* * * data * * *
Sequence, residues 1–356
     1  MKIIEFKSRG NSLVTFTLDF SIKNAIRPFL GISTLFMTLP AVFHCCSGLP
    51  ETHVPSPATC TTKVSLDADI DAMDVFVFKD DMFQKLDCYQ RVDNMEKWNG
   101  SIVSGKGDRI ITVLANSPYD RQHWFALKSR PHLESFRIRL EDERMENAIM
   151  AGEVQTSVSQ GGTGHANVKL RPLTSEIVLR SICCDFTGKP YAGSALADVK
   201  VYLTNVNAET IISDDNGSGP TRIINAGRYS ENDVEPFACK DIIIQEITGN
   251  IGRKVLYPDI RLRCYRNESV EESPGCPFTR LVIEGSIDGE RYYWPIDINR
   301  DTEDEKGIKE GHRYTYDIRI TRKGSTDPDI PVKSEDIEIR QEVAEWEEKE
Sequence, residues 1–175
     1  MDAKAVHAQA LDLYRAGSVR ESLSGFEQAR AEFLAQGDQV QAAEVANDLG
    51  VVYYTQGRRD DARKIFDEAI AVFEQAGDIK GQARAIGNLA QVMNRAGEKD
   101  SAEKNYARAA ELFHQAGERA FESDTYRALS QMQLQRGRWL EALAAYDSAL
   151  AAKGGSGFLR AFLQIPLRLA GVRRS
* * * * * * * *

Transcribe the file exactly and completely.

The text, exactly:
Sequence, residues 1–356
     1  MKIIEFKSRG NSLVTFTLDF SIKNAIRPFL GISTLFMTLP AVFHCCSGLP
    51  ETHVPSPATC TTKVSLDADI DAMDVFVFKD DMFQKLDCYQ RVDNMEKWNG
   101  SIVSGKGDRI ITVLANSPYD RQHWFALKSR PHLESFRIRL EDERMENAIM
   151  AGEVQTSVSQ GGTGHANVKL RPLTSEIVLR SICCDFTGKP YAGSALADVK
   201  VYLTNVNAET IISDDNGSGP TRIINAGRYS ENDVEPFACK DIIIQEITGN
   251  IGRKVLYPDI RLRCYRNESV EESPGCPFTR LVIEGSIDGE RYYWPIDINR
   301  DTEDEKGIKE GHRYTYDIRI TRKGSTDPDI PVKSEDIEIR QEVAEWEEKE
Sequence, residues 1–175
     1  MDAKAVHAQA LDLYRAGSVR ESLSGFEQAR AEFLAQGDQV QAAEVANDLG
    51  VVYYTQGRRD DARKIFDEAI AVFEQAGDIK GQARAIGNLA QVMNRAGEKD
   101  SAEKNYARAA ELFHQAGERA FESDTYRALS QMQLQRGRWL EALAAYDSAL
   151  AAKGGSGFLR AFLQIPLRLA GVRRS